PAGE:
- Don’t attempt too much at once: Your family office can only justify its own existence by providing services significantly better than the public competition. Too much is attempted in the euphoria of the founding phase, which often results in disappointment later, when some services fall short of the competition.
- Defining central services: This includes reporting across all asset classes, all portfolios and real estate or private equity investments, in a consistent and comprehensible way.
- Select between two and four asset classes: The family office should manage only those asset classes that matter most to the family. Sometimes it is real estate, sometimes direct investments, sometimes liquid assets. All other assets that are hold by the family should be managed by experts outside of the family office.
- Pick loyal and experienced employees: The key to a functioning family office are its employees, who work exclusively in the interest of the family members. What is needed here are consultants experienced in selecting partners and negotiating wealth management mandates - and in particular in the negotiation of fees.
- Ensure freedom from conflicts of interest in the team: Trust in the family office relies crucially on the idea that employees act on behalf of the interests of the family. Poorly conceived bonuses (such as bonuses that encourage “risky” investment strategies or apply only for certain asset classes) can threaten this trust. An overly hasty integration of wealth management into the office can also lead to conflicts of interest.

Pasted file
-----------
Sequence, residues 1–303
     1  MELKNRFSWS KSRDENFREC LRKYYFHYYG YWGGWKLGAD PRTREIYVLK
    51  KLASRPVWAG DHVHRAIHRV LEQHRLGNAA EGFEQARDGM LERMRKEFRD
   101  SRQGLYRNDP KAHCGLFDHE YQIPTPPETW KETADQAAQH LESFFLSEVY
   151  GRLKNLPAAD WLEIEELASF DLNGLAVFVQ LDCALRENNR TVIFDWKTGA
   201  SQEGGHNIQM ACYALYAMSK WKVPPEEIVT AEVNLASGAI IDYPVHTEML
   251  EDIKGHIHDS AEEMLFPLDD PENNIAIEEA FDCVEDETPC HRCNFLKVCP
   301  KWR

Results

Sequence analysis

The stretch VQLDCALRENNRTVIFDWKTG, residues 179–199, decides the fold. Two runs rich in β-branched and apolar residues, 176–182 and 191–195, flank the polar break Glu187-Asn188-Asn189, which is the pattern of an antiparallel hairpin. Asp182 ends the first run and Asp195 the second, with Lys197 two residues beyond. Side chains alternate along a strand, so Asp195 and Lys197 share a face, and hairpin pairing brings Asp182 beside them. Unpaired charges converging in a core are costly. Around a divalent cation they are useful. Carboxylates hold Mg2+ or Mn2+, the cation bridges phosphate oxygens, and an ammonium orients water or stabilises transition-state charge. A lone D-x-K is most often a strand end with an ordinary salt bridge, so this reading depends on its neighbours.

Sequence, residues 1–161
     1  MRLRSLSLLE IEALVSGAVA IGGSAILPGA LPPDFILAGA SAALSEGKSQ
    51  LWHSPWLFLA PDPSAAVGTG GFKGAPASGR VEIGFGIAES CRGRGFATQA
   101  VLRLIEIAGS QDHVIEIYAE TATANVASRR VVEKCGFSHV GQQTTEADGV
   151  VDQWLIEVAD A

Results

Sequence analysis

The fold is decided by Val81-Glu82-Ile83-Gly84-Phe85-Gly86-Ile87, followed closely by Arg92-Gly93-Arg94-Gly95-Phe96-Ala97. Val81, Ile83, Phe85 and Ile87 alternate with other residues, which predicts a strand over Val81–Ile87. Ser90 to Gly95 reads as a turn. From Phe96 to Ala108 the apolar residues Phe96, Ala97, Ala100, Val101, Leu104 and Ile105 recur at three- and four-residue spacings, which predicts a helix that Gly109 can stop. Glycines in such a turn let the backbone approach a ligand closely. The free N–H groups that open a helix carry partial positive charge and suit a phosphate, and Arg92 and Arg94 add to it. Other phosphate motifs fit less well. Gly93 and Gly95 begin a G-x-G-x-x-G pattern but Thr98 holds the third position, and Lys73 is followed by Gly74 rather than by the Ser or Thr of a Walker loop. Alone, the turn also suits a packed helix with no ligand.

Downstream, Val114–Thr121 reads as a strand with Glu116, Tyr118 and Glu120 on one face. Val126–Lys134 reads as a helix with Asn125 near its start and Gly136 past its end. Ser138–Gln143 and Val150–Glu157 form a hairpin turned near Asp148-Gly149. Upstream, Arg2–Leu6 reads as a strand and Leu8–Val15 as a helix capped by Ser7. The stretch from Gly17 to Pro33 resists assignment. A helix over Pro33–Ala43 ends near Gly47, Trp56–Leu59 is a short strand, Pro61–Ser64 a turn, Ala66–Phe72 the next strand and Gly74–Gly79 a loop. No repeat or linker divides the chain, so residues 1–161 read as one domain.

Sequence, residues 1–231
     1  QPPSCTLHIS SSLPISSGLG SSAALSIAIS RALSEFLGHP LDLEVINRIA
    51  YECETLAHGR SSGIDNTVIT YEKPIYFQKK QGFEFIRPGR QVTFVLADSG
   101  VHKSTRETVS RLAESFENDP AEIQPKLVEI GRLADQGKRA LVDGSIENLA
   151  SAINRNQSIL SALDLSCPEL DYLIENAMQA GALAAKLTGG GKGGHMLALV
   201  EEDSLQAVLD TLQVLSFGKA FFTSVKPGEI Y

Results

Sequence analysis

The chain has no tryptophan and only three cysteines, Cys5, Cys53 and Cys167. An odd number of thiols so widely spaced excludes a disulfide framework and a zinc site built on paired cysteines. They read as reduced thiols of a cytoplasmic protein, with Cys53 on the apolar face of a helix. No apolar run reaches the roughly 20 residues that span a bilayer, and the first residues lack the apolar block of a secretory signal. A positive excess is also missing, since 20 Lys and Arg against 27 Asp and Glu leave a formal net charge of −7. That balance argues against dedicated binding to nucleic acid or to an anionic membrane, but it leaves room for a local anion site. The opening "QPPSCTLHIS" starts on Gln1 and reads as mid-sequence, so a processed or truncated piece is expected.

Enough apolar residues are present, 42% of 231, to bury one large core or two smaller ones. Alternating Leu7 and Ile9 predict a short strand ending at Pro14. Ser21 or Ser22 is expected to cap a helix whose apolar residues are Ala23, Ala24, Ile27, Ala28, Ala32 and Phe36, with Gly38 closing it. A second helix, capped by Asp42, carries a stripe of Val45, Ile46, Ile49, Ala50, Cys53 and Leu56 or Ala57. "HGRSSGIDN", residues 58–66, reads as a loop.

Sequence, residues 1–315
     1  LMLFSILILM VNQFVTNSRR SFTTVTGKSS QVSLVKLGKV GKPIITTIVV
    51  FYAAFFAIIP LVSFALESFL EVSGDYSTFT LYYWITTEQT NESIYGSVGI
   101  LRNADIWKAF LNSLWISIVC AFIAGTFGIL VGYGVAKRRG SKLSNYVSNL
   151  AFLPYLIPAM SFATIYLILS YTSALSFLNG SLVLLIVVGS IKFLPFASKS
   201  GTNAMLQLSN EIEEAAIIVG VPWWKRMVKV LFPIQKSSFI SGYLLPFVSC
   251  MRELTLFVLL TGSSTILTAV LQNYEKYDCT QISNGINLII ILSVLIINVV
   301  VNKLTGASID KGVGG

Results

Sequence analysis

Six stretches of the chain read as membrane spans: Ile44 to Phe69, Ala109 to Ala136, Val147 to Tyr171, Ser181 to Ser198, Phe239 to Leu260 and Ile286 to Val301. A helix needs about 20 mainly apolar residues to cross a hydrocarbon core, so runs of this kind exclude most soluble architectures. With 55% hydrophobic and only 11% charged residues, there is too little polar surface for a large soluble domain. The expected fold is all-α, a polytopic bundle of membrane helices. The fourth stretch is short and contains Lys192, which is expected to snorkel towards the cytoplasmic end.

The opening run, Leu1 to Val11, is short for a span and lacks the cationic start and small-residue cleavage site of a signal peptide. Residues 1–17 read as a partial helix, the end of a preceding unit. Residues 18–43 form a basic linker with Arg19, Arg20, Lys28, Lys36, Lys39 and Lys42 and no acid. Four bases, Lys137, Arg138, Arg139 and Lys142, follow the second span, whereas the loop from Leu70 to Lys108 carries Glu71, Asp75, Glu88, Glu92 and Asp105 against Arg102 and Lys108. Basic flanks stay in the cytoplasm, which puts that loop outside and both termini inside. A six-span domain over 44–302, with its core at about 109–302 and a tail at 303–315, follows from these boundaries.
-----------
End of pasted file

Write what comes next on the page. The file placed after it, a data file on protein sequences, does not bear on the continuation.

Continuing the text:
- Have family governance measures in place: To achieve cohesion and emotional attachment to the family office, it is important to generate reasons, beside the dividends, to be involved. Families should think about developing a family strategy, documented in a family constitution. They should implement a family education programme, a guide to becoming a responsible family office owner for the next generation, intensive information and involvement in the strategic asset allocation, and active work in the family foundation, a family council and possibly a board of directors that monitors the management of the family office. The family should think about their common values and transferring the family legacy to the next generation, with mentoring and coaching, family retreats, clear rules, a family fund for entrepreneurial ventures, and so on.
Adapted from the book “The Family Office” by Canessa, Escher, Koeberle-Schmid, Preller, Weber, 2019.
Dr. Alexander Koeberle-Schmid is an expert in succession planning, family constitution, family business governance and family office for PwC Family Governance Consulting, Germany. He has been advising more than 100 families in Europe, Asia and the Middle East. He holds a management degree, is a licensed mediator (BM®), certified succession and executive coach (ICF), and earned his doctorate in "Family Business Governance". Alexander is an author of several books about family enterprises and a lecturer in strategy, governance and medium-sized companies at the EBS University of Business and Law.
Christoph Weber is managing director and co-founder of the WSH Family Office, Düsseldorf. He has published numerous articles on these topics in industry journals. Christoph Weber frequently supports academic projects on research topics in fields related to family offices and family governance. He is also chairman of the board at the German Association of Independent Family Offices (VuFO).